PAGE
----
Live: Totó la Momposina at St. George’s Bristol

Colombia's folk music legend Totó la Momposina returned to St. George's Bristol last night for a sold-out show, a decade and a half after her last performance at the venue. She was joined by an extended band which featured singers, dancers and musicians from local schools.

The performance was the culmination of a project supported by the WOMAD Foundation which brought together pupils of diverse backgrounds —many from families of asylum seekers— with Totó la Momposina and the AMJ Collective, whose music reflects their mixed Anglo/Afro/Caribbean heritage. The project comprised a series of workshops exploring migration through voice, music and dance sessions. From soulful acapella to fiery percussion, the band delivered an energetic and moving show.

Totó addresses a packed audience at St. George's. Photo credit: York Tillyer.
 

Totó walked on stage to rapturous applause from the audience, who came ready to sing along and dance. The crowd listened intently as she set the scene for the show by speaking in Spanish about her lifelong relationship with the folk music of her home in Colombia, a tradition which is informed and inspired by a rich cultural mix combining elements from African, Native Indian and Spanish cultures. “Music that is sold doesn’t last very long,” she said, “but the music of my ancestors will last forever— and this is the music we bring to you tonight.” And with affirmative cheers from the audience, the show began.

Totó with her granddaughters Maria Del Mar and Oriana, and her daughter Euridice. Photo credit: York Tillyer

The singer performed many of her well-known songs, including ‘El Pescador’ and ‘Adios Fulana’ which feature on her albums La Candela Viva and Tambolero. Her usual line-up of tambores drummers, brass, and backing vocals by her daughter and granddaughters was wonderfully enhanced by a youth choir and instrument ensemble from the local schools.

The remarkable strength of the 78-year-old’s voice was clear in her performance of ‘Mohana’, an ode to the legendary “Mother of the Water”, which she described as a very sacred song.

Totó and local schoolchildren prepare for Thursday night's concert:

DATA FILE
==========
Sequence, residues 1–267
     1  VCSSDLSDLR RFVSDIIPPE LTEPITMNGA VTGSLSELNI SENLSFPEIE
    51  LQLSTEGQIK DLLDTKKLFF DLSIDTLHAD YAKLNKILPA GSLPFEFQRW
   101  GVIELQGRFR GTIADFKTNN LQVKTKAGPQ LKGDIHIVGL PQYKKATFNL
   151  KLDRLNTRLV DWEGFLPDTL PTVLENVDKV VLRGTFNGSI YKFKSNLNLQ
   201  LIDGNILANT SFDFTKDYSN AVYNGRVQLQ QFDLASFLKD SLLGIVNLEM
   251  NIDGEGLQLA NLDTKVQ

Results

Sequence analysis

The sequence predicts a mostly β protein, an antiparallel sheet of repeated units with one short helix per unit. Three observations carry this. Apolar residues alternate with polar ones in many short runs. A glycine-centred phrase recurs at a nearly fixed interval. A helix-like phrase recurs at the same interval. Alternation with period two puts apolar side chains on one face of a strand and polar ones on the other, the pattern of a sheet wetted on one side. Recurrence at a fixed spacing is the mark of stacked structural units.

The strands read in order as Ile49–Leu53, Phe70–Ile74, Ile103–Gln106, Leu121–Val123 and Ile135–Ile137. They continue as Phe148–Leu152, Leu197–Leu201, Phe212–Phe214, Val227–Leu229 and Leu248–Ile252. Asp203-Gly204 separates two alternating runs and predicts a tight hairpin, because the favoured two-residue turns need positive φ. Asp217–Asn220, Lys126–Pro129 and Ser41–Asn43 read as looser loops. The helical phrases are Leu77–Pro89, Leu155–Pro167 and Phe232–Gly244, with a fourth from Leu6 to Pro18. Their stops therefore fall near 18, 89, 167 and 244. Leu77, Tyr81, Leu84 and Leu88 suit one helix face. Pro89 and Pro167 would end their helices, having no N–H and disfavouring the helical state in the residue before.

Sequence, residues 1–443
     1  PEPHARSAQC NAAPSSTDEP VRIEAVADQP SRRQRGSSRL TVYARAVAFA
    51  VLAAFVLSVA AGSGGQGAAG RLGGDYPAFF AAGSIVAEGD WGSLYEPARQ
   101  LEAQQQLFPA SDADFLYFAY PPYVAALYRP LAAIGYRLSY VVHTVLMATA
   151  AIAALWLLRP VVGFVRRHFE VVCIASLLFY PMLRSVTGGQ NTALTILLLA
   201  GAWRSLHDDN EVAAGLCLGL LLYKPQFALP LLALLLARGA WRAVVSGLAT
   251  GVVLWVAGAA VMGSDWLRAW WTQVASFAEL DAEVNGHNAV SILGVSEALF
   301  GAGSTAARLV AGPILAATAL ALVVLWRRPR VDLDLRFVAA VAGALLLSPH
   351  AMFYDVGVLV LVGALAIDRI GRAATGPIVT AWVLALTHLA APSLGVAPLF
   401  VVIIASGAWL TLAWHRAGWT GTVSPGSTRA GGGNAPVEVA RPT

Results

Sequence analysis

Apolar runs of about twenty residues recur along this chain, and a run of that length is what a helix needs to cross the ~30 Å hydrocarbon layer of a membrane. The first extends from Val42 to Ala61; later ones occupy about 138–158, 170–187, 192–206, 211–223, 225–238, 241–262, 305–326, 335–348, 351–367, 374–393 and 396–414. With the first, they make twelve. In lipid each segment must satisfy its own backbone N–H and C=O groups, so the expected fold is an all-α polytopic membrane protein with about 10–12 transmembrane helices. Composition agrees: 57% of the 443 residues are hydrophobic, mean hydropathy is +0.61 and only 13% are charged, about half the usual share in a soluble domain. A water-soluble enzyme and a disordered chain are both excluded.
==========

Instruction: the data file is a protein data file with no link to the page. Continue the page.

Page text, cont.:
Totó la Momposina in Paris: a Colombian refugee becomes a star

How the Colombian musical icon’s career blossomed in the 70s and 80s in France

 

Tuesday night’s extraordinary World Cup game between England and Colombia did not go unmentioned, with a local school boy slipping in a ‘thank you’ to Colombia for letting England win the penalty shoot-out during his introduction to one of the songs.

The stage was animated throughout the whole show, with the guest performers demonstrating the efforts of their dance workshops with Totó and her band. She and the many members on stage descended on the audience for a rousing finale, and after a standing ovation and encore chants, Totó returned to the stage to close the night with a powerful, heartfelt acappella piece.

Totó and her band have a limited run of shows in Europe this summer— click here for full details. She has also just released a collection of her best known songs on the vinyl compilation La Verdolaga.

Featured Release

  • Tambolero

    Totó la Momposina

    Released 26 June 2015

    You don't normally get the chance to go back in time and reimagine a classic album like La Candela Viva but creating Tambolero has been a challenge and a delight. It’s become a celebration of Totó's career: six decades dedicated to preserving, researching and developing an ancestral tradition, the identity of a people, passed down through the generations. 

By Oran Mullan

Main image credit: York Tillyer.

Published on Fri, 06 July 18

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